Child support issues in Michigan and throughout the country are often handled by the courts when it becomes confrontational between the parties involved, and it is evident that they cannot come to agreement on child support. In dealing with circumstances surrounding child support, the court takes all of the relevant, available information into consideration before making a final determination on child support. At the end of the day, the court wants to ensure that the child's needs are taken care of and addressed. This, of course, includes financial needs as well as emotional needs.
A case in Topeka, Kansas is addressing sperm donors, and their rights and responsibilities toward the child they helped to create. Kansas state law says that when a doctor is involved with the artificial insemination processes, it is documented that the sperm donor has no obligation to the child and is not the father. However, the argument being put forth in this new case is that since no doctor was involved, then the Kansas state law does not apply, and a sperm donor can be held as the father. Thus, he would be required to pay child support.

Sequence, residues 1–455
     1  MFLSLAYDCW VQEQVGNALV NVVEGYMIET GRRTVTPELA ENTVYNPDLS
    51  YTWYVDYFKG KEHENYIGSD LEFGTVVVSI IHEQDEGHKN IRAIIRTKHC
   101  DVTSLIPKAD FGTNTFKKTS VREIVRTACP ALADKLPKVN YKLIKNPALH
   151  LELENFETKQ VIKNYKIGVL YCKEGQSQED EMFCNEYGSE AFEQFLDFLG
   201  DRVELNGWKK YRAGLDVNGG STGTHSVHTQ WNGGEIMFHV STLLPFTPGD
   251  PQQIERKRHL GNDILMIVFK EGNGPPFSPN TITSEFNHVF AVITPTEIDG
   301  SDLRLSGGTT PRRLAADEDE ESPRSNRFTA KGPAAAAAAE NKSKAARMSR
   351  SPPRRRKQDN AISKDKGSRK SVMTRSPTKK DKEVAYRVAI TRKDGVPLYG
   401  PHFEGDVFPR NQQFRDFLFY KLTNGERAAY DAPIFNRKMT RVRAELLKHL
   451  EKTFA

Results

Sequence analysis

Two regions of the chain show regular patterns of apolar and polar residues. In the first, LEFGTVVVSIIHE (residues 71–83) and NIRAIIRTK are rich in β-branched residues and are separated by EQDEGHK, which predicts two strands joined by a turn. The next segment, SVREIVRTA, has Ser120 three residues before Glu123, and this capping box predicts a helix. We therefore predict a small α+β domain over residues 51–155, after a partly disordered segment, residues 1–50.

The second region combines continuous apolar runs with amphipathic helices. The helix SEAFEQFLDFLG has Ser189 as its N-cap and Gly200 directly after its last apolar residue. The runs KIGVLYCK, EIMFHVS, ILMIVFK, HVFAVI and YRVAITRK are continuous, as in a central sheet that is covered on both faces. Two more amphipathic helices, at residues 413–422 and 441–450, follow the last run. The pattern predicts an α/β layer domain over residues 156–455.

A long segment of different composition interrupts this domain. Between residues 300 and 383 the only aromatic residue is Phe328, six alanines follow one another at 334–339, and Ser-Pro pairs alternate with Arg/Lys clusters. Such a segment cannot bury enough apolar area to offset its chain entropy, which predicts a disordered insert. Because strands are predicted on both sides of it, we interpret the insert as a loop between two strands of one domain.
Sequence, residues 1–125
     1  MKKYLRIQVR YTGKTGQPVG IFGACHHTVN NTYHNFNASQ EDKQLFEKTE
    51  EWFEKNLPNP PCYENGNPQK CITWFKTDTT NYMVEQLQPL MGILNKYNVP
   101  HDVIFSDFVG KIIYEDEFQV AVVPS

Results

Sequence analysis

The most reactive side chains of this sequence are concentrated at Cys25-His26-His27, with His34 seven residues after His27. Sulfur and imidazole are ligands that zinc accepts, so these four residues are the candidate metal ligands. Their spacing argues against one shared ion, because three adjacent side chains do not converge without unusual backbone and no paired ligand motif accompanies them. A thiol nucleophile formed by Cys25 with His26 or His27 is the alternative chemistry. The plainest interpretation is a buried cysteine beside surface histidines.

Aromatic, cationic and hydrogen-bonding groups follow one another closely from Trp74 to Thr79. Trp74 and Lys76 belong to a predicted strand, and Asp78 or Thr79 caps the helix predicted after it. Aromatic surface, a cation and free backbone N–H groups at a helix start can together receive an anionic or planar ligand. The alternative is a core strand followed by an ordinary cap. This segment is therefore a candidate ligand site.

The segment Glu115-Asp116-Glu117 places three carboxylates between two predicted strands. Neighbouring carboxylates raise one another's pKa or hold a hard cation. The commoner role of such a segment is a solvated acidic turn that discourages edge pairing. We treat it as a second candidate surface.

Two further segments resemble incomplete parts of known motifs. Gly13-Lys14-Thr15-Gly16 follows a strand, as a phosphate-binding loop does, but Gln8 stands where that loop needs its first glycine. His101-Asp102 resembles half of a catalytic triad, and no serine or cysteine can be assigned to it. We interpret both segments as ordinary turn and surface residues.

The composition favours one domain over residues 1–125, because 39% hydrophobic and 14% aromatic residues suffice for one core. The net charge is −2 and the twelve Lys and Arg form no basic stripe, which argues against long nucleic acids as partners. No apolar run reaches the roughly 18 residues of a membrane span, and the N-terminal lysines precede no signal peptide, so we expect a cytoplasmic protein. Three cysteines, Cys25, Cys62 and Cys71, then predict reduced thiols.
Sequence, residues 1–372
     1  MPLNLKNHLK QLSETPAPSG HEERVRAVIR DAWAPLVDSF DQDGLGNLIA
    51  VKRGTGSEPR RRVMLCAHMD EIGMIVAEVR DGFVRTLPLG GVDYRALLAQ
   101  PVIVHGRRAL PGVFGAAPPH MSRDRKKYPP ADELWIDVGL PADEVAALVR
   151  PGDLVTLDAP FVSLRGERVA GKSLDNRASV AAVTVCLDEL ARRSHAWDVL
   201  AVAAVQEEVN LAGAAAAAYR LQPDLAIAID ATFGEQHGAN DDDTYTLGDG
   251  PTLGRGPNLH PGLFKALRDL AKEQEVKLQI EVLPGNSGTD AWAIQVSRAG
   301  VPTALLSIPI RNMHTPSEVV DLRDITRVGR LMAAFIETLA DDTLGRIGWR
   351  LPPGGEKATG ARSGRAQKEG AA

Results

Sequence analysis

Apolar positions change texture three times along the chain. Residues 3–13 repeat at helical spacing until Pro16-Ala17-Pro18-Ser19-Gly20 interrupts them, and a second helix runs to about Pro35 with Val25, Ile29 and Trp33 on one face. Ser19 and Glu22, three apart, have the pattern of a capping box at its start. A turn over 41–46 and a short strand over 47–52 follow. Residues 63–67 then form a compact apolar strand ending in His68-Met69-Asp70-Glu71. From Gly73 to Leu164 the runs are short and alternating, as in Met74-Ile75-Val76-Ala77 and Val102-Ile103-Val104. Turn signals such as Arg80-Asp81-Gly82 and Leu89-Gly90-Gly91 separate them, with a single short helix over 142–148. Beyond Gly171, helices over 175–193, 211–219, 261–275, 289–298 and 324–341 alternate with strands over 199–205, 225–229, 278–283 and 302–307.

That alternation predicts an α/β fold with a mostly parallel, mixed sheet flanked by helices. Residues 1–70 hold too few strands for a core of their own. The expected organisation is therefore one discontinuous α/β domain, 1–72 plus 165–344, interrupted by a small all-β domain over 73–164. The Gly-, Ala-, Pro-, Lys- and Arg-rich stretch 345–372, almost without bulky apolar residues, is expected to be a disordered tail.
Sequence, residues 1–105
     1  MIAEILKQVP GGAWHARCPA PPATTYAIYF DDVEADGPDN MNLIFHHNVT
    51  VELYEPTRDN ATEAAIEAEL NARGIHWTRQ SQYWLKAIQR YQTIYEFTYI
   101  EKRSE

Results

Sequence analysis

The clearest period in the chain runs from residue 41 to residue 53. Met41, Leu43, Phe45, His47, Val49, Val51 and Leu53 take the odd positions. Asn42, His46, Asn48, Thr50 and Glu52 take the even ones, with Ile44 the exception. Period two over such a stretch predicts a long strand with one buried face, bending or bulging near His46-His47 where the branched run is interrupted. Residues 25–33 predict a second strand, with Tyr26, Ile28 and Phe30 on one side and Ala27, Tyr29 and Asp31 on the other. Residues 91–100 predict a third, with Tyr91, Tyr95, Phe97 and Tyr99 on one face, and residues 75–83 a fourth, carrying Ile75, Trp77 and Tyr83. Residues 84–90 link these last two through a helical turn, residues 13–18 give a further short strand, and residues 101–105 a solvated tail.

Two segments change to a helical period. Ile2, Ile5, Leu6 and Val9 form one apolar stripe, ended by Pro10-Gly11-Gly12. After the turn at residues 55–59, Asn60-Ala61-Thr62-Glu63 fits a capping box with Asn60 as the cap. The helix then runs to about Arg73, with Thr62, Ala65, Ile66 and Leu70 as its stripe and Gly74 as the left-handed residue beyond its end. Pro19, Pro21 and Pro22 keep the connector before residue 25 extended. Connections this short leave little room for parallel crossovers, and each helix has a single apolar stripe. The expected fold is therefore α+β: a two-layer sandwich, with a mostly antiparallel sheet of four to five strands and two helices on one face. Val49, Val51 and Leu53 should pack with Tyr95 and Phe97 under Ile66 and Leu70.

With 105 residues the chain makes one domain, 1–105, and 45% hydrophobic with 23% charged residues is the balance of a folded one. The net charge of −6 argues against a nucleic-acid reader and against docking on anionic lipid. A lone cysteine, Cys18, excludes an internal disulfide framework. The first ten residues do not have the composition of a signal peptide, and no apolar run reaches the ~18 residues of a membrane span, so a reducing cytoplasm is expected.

Although this case is happening in Kansas, Michigan law on this topic is murky at best. In Michigan, it is widely held that surrogacy contracts are void, and that the sperm donor can be held as the father and be made to pay child support. Much like the case in Kansas where a surrogacy contract was utilized and deemed void, Michigan laws regarding sperm donors and child support operate in the same way. In these types of situation, child support enforcement is a viable option against sperm donors.
Issues of child support become that much more complex and complicated when having to take into consideration sperm donors and their responsibilities as fathers. This gives the courts another added element to look at when making child support decisions where appropriate.
Source: The Flint Journal, "Kan. case highlights legal issues for sperm donors", Heather Hollingsworth, John Hanna, Jan., 2013.